[webkit-dev] Shadow DOM API (first iteration) ready for landing
dominicc at chromium.org
Tue Jun 28 23:33:03 PDT 2011
On Wed, Jun 29, 2011 at 1:01 PM, Geoffrey Garen <ggaren at apple.com> wrote:
> On Jun 28, 2011, at 5:15 PM, Dimitri Glazkov wrote:
>> On Tue, Jun 28, 2011 at 4:49 PM, Geoffrey Garen <ggaren at apple.com> wrote:
>>> Hi Dmitri.
>>>> Since this is an experimental API, here are the actual API names we want to use:
>>> Even though we've been using "shadow" as a term in our internal development, I think it makes a bad API name, since it's vague to its purpose, and it conflicts with the existing meaning of "shadow" on the web, which is a color radiating around a visual element.
>> I sympathize and agree that there's a naming collision, but I think
>> the train has left the station on this one. "Shadow tree" and "shadow
>> content" are terms that have been used pretty much universally to
>> describe this construct, from XBL/XUL and XBL2 to SVG. I don't think
>> we need to invent a new name for it.
> Fair enough.
> How about using "shadow tree" or "shadow content" consistently instead of just "shadow"? I can imagine "webkitShadow" meaning a lot of different things. "webkitShadowTree" or "webkitShadowContent" seems clearer.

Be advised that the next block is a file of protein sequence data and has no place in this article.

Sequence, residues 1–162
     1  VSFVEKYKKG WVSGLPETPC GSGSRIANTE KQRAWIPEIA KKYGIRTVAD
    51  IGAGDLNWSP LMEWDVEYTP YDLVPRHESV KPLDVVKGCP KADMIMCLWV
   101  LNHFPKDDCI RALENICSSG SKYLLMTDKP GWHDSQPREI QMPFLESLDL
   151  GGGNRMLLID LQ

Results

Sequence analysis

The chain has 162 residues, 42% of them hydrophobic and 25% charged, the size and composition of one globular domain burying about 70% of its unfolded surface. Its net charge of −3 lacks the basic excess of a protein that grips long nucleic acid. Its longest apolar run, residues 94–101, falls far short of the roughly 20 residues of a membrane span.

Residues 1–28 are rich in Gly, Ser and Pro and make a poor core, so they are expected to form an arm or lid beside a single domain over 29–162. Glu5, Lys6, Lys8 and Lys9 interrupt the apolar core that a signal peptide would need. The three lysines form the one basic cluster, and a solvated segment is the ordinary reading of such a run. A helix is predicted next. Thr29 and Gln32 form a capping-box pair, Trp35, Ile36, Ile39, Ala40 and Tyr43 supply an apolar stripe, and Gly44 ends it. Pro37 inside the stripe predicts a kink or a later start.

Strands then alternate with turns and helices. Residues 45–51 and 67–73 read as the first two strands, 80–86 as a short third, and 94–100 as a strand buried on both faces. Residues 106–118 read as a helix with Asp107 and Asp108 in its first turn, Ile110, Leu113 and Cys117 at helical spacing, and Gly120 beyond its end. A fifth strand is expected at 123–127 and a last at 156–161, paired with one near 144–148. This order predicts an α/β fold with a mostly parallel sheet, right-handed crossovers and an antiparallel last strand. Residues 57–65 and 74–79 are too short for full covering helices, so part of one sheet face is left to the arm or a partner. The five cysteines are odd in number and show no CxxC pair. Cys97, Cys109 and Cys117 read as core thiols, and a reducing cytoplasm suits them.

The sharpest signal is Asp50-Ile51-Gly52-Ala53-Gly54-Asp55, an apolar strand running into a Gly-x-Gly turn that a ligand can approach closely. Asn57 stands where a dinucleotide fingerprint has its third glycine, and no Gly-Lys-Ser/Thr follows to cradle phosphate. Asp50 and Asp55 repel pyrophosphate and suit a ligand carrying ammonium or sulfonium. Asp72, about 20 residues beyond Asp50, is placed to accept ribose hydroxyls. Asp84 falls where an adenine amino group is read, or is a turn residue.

I agree that just "shadow" could be confused with CSS shadows,
although those are boxShadow and textShadow, so maybe just shadow is
OK from a grepping point of view.
shadow*Tree* doesn’t feel quite right to me; consider
shadowTree.firstChild? An element has a firstChild; a tree has lots of
> Element.webkitPseudo // not sure what this is -- showing my ignorance
"…Tree" could be confusing because the object being created is just
the container; it starts out empty. To me, "tree" and "content" refer
to the whole shadow subtree, and the thing being created here is more
> window.WebKitShadowTreeConstructor // all trees begin at a root, right?
> window.WebKitShadowTreeScopeConstructor // assuming this can only be used inside the shadow tree
For uniformity we were going to also make documents tree scopes. This
makes things simpler for script because every element, text node, etc.
will be in a tree scope (a document or a shadow root.)
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